If BlackBerry (NASDAQ:BBRY) survives, it won't be as a maker of phones. Instead it will be as a provider of software to both consumers and other companies.
The company has taken a number of steps to ensure its survival recently, including naming John Chen CEO, releasing the popular BBM app for iPhones, Android phones, and Windows Phones, and aggressively marketing its software solutions. Though it's only a first step in a long, uphill battle BlackBerry has also scored a victory as Ford (NYSE:F) has chosen BlackBerry's QNX as the platform for its next-generation Sync system over Microsoft (NASDAQ:MSFT) (which powered previous versions), Bloomberg reported.
"Using QNX will be less expensive than licensing Microsoft technology and will improve the flexibility and speed of the next Sync system, the people," according to Bloomberg.
The loss of the deal is a blow to Microsoft as Ford was its top customer in the automotive sector, which is a growing market for software companies. According to Bloomberg, Ford currently has more than 7 million vehicles on the road with Sync using Microsoft voice-activated software to make mobile-phone calls and play music.
The phone game is over for BlackBerry
After taking one last swing at being a major player in the smartphone game with its Z10 phones, the company has clearly struck out. And though it continues to release new phone models, that is clearly a declining part of its business. As the chart below shows, the company has been steadily losing smartphone market share and Microsoft has climbed decidedly ahead of BlackBerry in the race for third place behind Google's (NASDAQ:GOOGL) Android phones and Apple's (NASDAQ:AAPL) iPhones.
Though BlackBerry does maintain a few strongholds for its phones -- mostly in developing markets -- its future lies in other areas.
How big a deal is gaining Ford for BlackBerry?
BlackBerry has had some success getting companies to license its products. Specifically its multi-OS enterprise mobility management system has been installed on nearly 30,000 commercial and test servers around the world, according to the company.
The Ford deal, however, gives BlackBerry a major partner and a foot firmly in the door in the expected-to-blossom in-vehicle technology field.
"This would be a huge infusion of trust and confidence to have BlackBerry and QNX expanding into a Ford," Thilo Koslowski, auto analyst for researcher Gartner told Bloomberg. "This is really the crown jewel in BlackBerry's crown and could make the rest of the company shine as well."
If Ford gives BlackBerry credibility, it could open up significant new business for the company.
In-vehicle technology is the top selling point for 39% of car buyers today — more than twice the 14% who say their first consideration is traditional performance measures such as power and speed — according to a December study by consulting firm Accenture, according to OnlineAutonews.com.
Can the new BlackBerry work?
Since its collapse as a smartphone company (largely due to its own inaction) BlackBerry went through numerous attempts at reorganization then was almost sold. Last September the company agreed in principal to be acquired by a consortium led by its biggest shareholder, Fairfax Financial, a Canadian insurance company, for $4.7 billion. That deal was announced a week after BlackBerry laid off 40% of its work force and said it expected to post a loss of almost $1 billion.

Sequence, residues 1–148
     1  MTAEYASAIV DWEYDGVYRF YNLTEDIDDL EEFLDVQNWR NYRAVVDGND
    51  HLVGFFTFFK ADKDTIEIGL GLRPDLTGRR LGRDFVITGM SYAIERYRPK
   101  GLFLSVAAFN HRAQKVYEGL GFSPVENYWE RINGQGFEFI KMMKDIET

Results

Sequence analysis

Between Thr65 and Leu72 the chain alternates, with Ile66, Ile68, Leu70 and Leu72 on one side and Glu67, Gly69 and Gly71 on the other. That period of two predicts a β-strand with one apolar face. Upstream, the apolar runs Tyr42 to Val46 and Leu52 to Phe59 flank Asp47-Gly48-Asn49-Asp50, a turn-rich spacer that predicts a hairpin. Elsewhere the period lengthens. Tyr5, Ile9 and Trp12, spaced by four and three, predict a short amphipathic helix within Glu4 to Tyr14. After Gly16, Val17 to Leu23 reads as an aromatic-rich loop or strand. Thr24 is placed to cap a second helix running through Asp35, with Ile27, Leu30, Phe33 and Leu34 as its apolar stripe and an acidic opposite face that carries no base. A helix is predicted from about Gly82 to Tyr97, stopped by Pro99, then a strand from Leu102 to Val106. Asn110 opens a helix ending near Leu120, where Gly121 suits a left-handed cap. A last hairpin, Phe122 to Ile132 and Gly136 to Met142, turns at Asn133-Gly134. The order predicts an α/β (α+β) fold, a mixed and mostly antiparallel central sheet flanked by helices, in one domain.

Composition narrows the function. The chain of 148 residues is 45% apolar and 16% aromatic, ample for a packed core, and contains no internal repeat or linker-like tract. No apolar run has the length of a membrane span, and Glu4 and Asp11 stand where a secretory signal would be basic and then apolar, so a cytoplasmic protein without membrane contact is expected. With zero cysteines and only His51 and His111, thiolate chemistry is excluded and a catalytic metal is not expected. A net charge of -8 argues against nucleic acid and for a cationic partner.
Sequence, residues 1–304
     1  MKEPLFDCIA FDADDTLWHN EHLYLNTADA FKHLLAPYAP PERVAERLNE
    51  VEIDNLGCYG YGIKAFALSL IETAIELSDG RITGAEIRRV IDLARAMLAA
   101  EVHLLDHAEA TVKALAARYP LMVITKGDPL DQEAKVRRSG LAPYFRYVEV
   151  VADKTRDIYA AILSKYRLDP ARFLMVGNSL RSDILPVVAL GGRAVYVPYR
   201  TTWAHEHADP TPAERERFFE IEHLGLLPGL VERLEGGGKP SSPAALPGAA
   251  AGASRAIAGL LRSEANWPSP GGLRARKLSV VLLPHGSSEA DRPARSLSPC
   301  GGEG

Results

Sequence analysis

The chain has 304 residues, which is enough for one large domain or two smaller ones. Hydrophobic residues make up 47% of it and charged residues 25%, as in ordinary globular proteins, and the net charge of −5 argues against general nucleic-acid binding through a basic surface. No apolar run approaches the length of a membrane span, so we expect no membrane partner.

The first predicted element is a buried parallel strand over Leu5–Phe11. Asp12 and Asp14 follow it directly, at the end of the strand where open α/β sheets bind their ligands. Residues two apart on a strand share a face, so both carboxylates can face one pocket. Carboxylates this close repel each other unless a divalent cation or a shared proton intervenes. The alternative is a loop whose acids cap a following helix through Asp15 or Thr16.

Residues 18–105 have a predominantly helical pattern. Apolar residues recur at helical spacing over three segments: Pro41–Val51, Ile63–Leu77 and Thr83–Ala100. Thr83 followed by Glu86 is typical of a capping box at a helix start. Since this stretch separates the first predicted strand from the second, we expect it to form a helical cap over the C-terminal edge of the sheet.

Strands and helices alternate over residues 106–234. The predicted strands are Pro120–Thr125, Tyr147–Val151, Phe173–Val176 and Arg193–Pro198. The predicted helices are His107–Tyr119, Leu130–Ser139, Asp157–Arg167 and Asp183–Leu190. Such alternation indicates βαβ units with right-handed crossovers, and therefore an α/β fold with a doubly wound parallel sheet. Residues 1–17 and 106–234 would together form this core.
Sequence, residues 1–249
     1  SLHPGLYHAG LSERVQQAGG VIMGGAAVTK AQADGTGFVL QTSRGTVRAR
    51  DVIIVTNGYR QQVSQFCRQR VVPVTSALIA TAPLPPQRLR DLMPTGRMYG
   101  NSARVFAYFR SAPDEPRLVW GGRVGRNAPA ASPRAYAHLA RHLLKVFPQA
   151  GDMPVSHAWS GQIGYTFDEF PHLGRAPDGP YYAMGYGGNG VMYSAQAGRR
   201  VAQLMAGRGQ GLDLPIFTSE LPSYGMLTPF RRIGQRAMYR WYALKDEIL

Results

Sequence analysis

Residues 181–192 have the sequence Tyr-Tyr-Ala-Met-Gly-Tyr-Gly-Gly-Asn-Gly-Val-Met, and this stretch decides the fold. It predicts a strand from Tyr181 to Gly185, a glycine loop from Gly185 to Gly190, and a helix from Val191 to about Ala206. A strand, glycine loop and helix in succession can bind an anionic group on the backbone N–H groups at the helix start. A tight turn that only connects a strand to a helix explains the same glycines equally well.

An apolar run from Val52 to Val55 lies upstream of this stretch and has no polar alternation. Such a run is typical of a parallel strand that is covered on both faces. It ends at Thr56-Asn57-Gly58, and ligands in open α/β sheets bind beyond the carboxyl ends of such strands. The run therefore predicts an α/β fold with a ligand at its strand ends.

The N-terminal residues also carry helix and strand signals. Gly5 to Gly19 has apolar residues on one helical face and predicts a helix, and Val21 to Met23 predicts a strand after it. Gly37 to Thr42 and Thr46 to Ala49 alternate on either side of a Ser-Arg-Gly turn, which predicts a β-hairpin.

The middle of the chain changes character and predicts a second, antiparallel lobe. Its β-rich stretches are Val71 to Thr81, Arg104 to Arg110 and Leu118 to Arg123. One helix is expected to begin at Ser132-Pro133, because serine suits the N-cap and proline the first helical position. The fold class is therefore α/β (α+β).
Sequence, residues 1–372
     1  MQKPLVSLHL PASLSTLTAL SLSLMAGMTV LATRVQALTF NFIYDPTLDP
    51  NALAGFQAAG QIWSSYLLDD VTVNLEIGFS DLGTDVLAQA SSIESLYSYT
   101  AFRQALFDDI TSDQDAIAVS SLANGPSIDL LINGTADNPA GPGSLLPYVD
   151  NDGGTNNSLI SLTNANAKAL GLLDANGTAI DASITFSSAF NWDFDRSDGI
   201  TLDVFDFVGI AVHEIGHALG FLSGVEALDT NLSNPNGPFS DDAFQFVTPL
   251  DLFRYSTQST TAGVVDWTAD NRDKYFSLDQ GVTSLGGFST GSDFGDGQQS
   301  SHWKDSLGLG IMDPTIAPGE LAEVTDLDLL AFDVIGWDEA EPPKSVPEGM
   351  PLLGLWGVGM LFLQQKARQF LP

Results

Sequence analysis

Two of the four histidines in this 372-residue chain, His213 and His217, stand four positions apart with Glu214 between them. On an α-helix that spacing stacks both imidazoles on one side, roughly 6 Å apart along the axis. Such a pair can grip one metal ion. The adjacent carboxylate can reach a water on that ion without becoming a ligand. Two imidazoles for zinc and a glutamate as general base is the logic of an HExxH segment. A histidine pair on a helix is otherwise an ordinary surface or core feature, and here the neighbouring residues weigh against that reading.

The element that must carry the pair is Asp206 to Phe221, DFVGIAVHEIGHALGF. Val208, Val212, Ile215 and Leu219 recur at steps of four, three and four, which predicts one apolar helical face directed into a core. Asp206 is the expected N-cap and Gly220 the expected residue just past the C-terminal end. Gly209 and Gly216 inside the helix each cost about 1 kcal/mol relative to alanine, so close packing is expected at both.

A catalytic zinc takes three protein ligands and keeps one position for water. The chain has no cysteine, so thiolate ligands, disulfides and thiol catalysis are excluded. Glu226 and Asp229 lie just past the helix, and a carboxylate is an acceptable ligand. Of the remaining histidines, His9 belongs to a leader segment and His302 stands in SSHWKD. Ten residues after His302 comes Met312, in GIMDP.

The Fairfax deal was ultimately called off and BlackBerry, without an official announcement, upped Chen to permanent CEO from the interim title he had held since Thorsten Heins was ousted. In the company's fiscal 2014 earnings release, the new CEO was confident about the change in direction.
"With the operational and organizational changes we have announced, BlackBerry has established a clear roadmap that will allow it to target a return to improved financial performance in the coming year," said Chen.
People still love BBM
Over 20 million Android and iPhone users downloaded BBM in its first week of availability, said BlackBerry in a press release. That gives the service more more than 80 million monthly active users as of October 2013. In its fiscal 2014 Q3 press release, the company claimed that as of December 2013, that number had risen to 40 million Android and iPhone users.
A whole new BlackBerry?
Under Chen, who seems pragmatic and not married to the idea of recapturing BlackBerry's former glory, a revival seems possible. Though the company is only a short way down its new road, having Ford sign on as a partner is a major step toward recasting its business.
BlackBerry may never be a phone player again but if Chen continues to make solid deals like this one he has a chance to revive a company that many thought was already as good as gone.
Daniel Kline is long Microsoft. The Motley Fool recommends Apple, Ford, and Google. The Motley Fool owns shares of Apple, Ford, Google, and Microsoft. Try any of our Foolish newsletter services free for 30 days. We Fools may not all hold the same opinions, but we all believe that considering a diverse range of insights makes us better investors. The Motley Fool has a disclosure policy.